The Dark Night and the Cross VERONICA ARNTZ: Re-Blogged


The Dark Night and the Cross


Perhaps the most haunting words of the Sacred Scriptures are the following from Jesus as he was dying on the Cross, “My God, my God, why have you forsaken me?” (Mark 15:34; Matt 27:46; Ps 22:2, RSV2CE). These words may startle and surprise us—how can Jesus who is perfectly united with the Father say something that sounds like despair? Did not Jesus know the Father was always with Him?

Indeed, in these words, we find not despair, but the expression of the soul experiencing the dark night. Christ said these words for all of us, so that we can unite ourselves with Him on the Cross when we are experiencing a dark night in our spiritual lives, when we feel entirely abandoned by God, even though we know that He is present with us.

Union of the Father and the Son

From the Sacred Scriptures, we know that the Father and the Son are perfectly united. In Psalm 2:7, we read, “You are my son, today I have begotten you.” These words are interpreted in reference to Christ, who is the only begotten Son of the Father, indicating that the Father and Son are united through filial relation. Second, in Christ’s High Priestly prayer from John 17, he expresses the idea that his mission, given to him by the Father, has been fulfilled. “I glorified you on earth, having accomplished the work which you gave me to do; and now, Father, glorify me in your own presence with the glory which I had with you before the world was made” (John 17:4-5). Moreover, he prays three times for unity among the people that they might be one as he and the Father are one. “I do not pray for these only, but also for those who believe in me through their word, that they may all be one; even as you, Father, are in me, and I in you, that they also may be in us” (John 17:20-21). He prays that those to whom the Apostles will preach might be one with those who believe, that all might be one with the Father and the Son.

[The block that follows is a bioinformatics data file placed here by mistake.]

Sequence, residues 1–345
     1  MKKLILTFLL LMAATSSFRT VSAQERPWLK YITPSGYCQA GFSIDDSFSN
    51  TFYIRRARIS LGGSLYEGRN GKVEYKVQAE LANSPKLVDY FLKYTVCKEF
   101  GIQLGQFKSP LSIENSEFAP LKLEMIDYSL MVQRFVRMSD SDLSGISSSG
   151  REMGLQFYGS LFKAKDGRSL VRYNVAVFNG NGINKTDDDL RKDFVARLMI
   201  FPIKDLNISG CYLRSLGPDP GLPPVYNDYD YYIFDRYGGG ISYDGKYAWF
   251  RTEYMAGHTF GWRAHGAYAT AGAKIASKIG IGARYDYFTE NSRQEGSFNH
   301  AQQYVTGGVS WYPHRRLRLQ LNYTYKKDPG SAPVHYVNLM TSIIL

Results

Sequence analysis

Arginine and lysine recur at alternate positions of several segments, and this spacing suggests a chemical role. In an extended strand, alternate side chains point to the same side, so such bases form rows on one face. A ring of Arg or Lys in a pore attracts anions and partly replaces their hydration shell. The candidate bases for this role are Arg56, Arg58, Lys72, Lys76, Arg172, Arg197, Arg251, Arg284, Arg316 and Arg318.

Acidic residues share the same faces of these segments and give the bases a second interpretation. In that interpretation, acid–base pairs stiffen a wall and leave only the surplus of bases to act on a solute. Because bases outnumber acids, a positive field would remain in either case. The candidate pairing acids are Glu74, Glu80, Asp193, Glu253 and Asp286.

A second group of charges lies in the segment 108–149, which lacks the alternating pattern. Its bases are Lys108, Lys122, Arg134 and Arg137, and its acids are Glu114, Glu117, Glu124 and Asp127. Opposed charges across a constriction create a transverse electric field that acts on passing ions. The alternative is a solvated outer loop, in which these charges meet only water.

A final example of the unity of the Father and the Son, which we will investigate, is his prayer in the Garden of Gethsemane, while his soul was sorrowful, even unto death (Matt 26:38). “My Father, if it be possible, let this chalice pass from me; nevertheless, not as I will, but as you will” (Matt 26:39). In these words, Jesus expresses his human fear of his impending Passion and Death, but his will is so perfectly united with the Father that he does not will anything other than what the Father wills.

How, then, are we to understand the words of Jesus on the Cross—“My God, my God, why have you forsaken me?” Indeed, given the Scriptures citations above, we cannot interpret it to mean that Jesus was despairing in the union between himself and the Father. Rather, he was expressing the deepest human loneliness: the feeling of being separated from God. Even though Christ himself was perfectly united with the Father, in his humanity, he was expressing the loneliness of man when he feels separated from God. Christ chose to enter into that suffering so that, when we experience that loneliness in the crosses we carry, we might be able to turn to him and ask for him to remain with us in our sorrow. Christ’s love for men is so profound that he experienced the depths of human loneliness and suffering for our sake, even though he knew no sin (2 Cor 5:21).

The Dark Night and the Spiritual Life